Background: Helicobacter pylori (H. pylori) infection varies among ethnic or racial groups. This study aimed to evaluate the seroprevalence and factors associated with H. pylori infection among Khmer and Kinh children living in the same natural and social conditions in Mekong delta, Vietnam.
Methods and Findings: This cross-sectional study was conducted between October and December 2012 in the Mekong delta. We collected data using a structured questionnaire on social-economic and health status, lifestyle and living conditions from 683 Khmer and Kinh children aged between 6 months and 18 years. Additionally, data were collected from 913 adults of 485 households settling together in the same rural communes. All the participants in the study had H. pylori serology (i.e. ELISA) tested on blood samples obtained by venous puncture. H. pylori serology data were analyzed using χ2 test and logistic regression models. In our study, the overall H. pylori seroprevalence was 36.7% (32.1% in children from 6 months to 18 years versus 40.2% in adults (p<0.05), with a sharp increase in the prevalence around 3 years of age, without significant difference between Kinh and Khmer ethnics. Blood group B, absence of prejudicial habit of taking food by hand, good practice of hand washing after defecation were identified as protective factors for H. pylori infection [OR (95% CI): 0.50 (0.32-0.79), 0.48 (0.29-0.79), 0.79 (0.41-0.98); respectively]. In addition, H. pylori infection in mothers, in first sibling and in two first siblings in particular were found as high risk factors for H. pylori infection in children [OR (95% CI): 1.98 (1.12-3.18), 2.12 (1.25-4.12), 4.39 (2.81- 6.94); respectively].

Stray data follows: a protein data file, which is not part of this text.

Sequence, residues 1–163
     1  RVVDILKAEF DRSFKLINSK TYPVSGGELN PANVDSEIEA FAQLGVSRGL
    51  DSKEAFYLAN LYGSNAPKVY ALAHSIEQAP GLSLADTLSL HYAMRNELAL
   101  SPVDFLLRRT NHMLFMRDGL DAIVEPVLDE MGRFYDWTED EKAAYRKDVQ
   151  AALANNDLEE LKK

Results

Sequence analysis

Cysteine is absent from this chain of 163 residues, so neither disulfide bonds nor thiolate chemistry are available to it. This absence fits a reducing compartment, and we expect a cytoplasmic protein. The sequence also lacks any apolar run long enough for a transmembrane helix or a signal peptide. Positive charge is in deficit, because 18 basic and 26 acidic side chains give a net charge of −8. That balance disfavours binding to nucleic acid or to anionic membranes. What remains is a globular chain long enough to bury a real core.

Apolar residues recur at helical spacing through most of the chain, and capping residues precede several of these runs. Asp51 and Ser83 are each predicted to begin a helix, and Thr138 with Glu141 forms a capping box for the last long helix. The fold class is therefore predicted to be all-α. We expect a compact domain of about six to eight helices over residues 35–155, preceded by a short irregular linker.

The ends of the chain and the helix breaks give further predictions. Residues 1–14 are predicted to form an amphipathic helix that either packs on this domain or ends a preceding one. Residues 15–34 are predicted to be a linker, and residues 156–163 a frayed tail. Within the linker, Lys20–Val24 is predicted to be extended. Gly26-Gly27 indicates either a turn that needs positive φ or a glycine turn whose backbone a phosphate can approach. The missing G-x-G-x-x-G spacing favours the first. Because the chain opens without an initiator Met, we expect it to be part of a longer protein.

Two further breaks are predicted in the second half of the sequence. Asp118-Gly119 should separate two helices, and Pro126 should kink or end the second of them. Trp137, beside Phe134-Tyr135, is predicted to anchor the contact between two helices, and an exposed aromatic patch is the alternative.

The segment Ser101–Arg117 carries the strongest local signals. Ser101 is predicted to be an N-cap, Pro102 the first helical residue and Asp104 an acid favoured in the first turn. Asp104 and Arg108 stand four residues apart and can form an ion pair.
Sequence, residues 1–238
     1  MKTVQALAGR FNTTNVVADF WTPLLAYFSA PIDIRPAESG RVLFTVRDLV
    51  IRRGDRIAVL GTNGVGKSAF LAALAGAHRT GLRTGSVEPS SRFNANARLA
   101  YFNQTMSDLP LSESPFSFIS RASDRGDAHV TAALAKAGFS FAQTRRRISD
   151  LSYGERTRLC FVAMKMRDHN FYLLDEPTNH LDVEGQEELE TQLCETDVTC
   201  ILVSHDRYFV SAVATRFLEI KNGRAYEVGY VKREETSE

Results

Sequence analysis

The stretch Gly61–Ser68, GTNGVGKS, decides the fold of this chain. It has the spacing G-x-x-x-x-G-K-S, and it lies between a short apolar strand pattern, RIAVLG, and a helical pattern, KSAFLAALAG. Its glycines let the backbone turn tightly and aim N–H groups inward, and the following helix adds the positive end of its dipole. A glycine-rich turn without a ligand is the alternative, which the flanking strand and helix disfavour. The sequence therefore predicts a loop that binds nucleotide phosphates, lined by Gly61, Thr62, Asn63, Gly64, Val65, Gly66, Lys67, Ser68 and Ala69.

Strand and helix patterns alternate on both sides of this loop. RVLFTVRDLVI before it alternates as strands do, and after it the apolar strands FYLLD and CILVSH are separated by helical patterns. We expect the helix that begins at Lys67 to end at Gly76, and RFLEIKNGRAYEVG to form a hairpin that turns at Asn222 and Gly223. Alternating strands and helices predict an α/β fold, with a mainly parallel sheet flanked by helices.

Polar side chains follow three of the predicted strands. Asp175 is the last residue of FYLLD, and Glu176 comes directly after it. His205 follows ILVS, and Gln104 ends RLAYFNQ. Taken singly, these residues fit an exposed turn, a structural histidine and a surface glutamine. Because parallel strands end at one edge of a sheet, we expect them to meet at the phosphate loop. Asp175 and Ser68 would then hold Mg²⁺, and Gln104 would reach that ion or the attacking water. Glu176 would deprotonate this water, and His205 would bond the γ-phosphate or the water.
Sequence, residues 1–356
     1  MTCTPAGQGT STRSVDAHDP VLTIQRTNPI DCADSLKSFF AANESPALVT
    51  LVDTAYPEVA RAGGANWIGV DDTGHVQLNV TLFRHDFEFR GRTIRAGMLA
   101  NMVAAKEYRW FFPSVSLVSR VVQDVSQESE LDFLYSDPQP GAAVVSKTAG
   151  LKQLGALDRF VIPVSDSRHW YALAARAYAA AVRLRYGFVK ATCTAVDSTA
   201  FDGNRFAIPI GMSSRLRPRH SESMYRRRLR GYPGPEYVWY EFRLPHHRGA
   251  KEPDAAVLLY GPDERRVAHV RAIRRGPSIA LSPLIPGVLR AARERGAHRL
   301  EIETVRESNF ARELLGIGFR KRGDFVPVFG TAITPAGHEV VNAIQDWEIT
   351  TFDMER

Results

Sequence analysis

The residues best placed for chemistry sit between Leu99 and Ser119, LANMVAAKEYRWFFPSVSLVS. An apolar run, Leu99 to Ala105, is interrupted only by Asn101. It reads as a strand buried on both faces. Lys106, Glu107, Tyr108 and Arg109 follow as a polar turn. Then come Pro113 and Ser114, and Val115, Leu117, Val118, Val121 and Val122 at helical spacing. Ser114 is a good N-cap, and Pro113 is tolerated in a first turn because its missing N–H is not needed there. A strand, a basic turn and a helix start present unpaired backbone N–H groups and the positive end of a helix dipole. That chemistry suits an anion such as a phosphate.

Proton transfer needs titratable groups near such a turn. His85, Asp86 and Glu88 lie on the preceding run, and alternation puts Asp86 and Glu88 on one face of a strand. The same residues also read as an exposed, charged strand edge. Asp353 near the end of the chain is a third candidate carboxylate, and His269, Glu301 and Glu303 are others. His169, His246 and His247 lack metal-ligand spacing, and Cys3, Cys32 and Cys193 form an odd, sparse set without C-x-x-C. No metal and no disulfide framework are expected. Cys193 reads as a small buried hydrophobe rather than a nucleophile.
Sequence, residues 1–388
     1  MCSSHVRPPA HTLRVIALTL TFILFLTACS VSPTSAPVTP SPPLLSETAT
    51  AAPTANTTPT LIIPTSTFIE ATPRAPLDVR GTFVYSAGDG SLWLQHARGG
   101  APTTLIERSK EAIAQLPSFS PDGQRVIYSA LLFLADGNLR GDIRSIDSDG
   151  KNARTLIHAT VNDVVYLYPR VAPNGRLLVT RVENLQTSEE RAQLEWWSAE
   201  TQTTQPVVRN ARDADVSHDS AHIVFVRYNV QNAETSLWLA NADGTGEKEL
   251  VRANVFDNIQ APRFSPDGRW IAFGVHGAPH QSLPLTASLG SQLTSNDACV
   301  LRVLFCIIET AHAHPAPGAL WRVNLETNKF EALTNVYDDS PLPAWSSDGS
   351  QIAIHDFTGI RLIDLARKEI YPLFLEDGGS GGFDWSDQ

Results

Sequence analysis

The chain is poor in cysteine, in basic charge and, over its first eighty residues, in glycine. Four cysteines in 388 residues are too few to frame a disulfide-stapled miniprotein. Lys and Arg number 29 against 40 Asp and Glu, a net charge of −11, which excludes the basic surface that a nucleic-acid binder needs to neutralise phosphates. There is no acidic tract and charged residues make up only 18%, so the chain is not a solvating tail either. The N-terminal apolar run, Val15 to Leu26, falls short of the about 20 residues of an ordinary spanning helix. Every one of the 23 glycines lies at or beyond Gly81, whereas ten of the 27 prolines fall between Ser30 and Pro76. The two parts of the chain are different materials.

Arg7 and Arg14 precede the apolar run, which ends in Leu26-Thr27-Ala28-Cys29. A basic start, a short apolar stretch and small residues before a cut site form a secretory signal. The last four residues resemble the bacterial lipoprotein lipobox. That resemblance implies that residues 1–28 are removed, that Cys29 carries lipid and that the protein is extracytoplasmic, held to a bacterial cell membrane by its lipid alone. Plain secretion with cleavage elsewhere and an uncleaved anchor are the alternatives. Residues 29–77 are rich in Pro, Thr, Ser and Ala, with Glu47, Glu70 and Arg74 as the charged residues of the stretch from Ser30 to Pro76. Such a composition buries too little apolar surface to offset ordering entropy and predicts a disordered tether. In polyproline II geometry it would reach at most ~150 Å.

Conclusions: Results of our study showed low and indifferent rates of H. pylori seropositivity in Kinh and Khmer children. Data from this study strongly suggest that environmental andindividual hygiene and some lifestyle practices should be improved to lower H. pylori infection in this population.